Combined Bovis and Linden business says it has coped “better than expected” with lockdown
Housebuilder Vistry has taken orders for nearly 450 homes during lockdown, it said, as the firm reported “better than expected” performance throughout the lockdown.
The business, formed this year from the merger of Bovis Homes and Galliford Try’s housebuilding arm Linden, said it had taken 447 reservations for new homes in the past eight weeks, though it had also seen 147 cancellations, with an “improving” rate of sale. Sales per site per week have risen to 0.26 in last three weeks, and it has completed the sale of 257 homes since lockdown rules were announced.
Chief executive Greg Fitzgerald said the resilience and strength of Vistry Partnerships throughout the past two months has “proven our rationale for the acquisition” and that 5,600 staff had returned to site.
He said: “The group’s performance during lockdown has been better than initially expected in respect of reservations, completions and cash management. We are pleased by how effectively our site management and health and safety teams have adapted to the new operating procedures.”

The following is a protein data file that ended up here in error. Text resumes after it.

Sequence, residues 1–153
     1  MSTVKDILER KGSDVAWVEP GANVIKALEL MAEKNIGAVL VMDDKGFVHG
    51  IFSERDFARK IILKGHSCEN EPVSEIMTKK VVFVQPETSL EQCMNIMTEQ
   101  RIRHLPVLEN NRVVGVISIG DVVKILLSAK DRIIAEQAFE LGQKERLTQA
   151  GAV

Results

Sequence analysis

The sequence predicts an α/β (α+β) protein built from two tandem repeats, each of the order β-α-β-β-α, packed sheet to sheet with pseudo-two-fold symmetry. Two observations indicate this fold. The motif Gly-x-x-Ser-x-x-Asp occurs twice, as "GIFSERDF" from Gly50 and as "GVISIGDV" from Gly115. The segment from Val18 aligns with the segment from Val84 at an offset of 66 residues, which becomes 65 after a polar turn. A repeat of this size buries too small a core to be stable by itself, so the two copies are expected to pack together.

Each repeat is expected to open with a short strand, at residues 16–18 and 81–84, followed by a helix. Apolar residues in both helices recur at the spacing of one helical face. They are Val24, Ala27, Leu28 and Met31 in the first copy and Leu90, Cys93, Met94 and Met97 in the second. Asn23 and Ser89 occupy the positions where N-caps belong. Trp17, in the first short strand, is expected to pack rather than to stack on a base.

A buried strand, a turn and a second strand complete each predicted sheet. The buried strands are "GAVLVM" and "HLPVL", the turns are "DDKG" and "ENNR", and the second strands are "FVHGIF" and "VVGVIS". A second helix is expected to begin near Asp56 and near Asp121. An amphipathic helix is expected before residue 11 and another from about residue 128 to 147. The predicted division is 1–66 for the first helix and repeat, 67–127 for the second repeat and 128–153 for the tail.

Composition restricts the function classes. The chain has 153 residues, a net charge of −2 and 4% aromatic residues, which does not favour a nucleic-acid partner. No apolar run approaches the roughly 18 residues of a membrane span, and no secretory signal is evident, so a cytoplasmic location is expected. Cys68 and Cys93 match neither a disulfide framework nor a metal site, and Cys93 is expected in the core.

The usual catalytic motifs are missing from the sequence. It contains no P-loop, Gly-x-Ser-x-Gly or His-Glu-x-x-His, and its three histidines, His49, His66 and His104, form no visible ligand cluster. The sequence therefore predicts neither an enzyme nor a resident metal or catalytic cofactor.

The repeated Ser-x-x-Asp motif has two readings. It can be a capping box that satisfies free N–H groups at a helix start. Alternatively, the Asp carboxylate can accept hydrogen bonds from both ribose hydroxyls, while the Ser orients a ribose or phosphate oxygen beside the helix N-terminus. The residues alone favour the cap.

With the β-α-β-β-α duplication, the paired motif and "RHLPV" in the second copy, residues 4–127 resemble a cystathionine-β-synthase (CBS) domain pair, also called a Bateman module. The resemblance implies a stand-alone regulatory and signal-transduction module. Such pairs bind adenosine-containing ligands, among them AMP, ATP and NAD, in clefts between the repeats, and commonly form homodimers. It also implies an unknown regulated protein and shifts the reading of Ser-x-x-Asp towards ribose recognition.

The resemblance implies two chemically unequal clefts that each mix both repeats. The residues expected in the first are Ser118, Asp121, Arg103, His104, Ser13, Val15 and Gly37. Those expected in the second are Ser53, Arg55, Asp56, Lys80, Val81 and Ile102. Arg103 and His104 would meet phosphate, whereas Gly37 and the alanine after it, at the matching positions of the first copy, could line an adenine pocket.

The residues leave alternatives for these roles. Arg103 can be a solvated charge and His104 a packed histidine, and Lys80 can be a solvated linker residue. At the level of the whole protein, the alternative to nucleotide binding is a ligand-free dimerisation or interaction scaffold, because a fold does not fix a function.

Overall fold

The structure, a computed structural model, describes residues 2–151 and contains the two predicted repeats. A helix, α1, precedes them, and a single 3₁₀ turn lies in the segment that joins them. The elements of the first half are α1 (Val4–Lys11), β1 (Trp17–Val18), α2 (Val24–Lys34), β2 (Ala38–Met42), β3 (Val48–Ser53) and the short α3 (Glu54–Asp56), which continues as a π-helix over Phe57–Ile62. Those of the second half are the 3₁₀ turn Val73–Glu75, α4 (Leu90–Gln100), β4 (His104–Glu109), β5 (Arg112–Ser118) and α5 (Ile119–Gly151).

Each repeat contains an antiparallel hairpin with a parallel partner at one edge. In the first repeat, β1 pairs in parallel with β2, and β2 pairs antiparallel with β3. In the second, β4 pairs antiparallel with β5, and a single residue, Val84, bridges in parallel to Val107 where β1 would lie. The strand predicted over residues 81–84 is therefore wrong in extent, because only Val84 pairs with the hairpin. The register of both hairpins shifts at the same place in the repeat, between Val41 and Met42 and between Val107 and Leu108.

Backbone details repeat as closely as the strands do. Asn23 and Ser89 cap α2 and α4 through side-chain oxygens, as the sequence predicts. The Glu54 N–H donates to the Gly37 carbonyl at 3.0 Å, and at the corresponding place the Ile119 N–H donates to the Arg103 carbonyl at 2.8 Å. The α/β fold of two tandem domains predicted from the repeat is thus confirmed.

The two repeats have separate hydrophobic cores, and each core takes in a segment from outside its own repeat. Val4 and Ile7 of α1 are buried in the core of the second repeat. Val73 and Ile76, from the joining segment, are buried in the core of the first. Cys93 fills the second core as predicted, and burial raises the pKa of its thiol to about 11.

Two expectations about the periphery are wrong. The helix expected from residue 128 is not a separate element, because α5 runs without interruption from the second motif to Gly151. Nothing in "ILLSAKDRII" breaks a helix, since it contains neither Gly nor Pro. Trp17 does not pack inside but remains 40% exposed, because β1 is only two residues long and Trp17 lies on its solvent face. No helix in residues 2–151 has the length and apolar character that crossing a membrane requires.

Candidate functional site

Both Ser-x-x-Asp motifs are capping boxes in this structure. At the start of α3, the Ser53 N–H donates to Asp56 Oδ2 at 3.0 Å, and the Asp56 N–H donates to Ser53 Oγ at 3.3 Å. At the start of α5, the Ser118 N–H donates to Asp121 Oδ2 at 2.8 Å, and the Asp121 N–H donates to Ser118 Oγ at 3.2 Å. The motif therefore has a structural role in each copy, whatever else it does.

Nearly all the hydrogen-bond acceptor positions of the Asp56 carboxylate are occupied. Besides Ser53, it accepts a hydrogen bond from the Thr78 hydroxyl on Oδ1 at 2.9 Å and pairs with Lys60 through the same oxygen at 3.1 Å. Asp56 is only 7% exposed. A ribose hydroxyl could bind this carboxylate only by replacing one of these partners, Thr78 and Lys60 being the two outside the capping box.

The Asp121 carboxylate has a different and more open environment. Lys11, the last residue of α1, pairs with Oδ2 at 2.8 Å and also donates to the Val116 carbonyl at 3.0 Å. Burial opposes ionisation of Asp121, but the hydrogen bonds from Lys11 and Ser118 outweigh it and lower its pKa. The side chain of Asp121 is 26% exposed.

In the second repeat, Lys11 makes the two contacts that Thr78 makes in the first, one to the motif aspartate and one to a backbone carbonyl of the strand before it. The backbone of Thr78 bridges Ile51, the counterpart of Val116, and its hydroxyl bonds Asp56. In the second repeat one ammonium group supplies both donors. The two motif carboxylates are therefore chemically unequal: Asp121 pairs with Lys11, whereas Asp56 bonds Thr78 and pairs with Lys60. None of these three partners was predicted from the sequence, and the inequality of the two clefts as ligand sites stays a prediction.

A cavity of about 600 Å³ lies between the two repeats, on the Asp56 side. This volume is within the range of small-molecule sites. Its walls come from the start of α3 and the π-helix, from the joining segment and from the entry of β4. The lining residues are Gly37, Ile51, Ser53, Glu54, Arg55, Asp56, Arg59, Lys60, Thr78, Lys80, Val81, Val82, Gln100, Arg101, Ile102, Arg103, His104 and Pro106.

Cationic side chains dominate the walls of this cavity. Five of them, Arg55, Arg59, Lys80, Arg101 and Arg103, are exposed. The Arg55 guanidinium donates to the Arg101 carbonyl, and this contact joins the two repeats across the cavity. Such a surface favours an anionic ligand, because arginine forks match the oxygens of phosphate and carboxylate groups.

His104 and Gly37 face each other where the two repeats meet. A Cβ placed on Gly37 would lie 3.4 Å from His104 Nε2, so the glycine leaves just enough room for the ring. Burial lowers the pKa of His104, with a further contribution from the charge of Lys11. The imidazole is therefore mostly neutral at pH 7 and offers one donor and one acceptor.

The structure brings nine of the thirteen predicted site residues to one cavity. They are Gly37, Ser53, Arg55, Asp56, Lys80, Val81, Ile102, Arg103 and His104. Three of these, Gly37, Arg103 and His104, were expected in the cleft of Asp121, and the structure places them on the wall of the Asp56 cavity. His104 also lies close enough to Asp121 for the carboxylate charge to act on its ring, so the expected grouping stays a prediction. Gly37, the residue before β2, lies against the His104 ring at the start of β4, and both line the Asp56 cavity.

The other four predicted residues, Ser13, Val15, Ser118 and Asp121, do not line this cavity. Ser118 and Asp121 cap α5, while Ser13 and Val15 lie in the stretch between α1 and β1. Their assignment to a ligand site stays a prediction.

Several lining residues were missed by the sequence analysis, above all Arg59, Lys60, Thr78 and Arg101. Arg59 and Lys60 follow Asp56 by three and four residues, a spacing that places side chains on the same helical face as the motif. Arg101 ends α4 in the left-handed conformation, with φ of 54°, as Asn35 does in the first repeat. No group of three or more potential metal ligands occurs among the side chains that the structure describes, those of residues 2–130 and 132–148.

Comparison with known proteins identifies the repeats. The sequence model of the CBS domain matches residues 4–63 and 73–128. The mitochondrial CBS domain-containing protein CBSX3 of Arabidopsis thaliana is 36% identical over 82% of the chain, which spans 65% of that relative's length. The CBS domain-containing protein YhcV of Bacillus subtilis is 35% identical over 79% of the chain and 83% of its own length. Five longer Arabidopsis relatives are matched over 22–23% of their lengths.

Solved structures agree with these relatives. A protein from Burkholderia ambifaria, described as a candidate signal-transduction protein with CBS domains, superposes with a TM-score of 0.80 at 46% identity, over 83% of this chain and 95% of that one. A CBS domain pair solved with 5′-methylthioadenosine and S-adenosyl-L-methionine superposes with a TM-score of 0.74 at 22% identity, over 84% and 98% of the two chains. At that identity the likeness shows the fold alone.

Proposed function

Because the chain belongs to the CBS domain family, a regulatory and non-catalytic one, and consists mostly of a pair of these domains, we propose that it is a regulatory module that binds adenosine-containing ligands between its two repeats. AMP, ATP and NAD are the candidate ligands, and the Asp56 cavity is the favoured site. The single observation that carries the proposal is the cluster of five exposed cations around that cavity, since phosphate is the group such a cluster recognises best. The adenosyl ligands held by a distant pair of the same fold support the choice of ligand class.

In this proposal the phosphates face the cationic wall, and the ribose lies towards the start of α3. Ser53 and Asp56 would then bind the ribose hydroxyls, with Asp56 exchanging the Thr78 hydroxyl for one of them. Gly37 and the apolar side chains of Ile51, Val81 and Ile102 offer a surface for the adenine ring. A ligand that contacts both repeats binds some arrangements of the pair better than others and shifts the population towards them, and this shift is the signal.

Vistry announced the closure of its construction sites and sales offices on March 25 following the imposition of lockdown, but was one of the first housebuilders to reopen construction sites, announcing a return to work at the end of April.
Today’s update said that levels of website traffic have in recent weeks “returned to the levels we saw in January and February, indicating continued strong demand.”
It said 104 of the firm’s 107 “partnerships” sites – where Vistry builds homes for councils and housing associations – were open for construction and that, where open, sites were operating at 70% of capacity.
In contrast, just 119 out of 172 private sale housebuilding sites were so far open, and despite the reopening of the housing market by the government last week, Vistry said its “focus remains on the completion of homes which are watertight and where we have clear visibility of completion and cash realisation.”
Despite its actions, Vistry said that net debt had risen by £36m in the last month during the lockdown, to £476m, against total committed banking facilities of £770m.
The business added that it had identified further cost savings during the integration of the group that will allow it to reduce the headcount of the business further, though it did not say by how much. The annual cost savings will be in the region of £9.5m.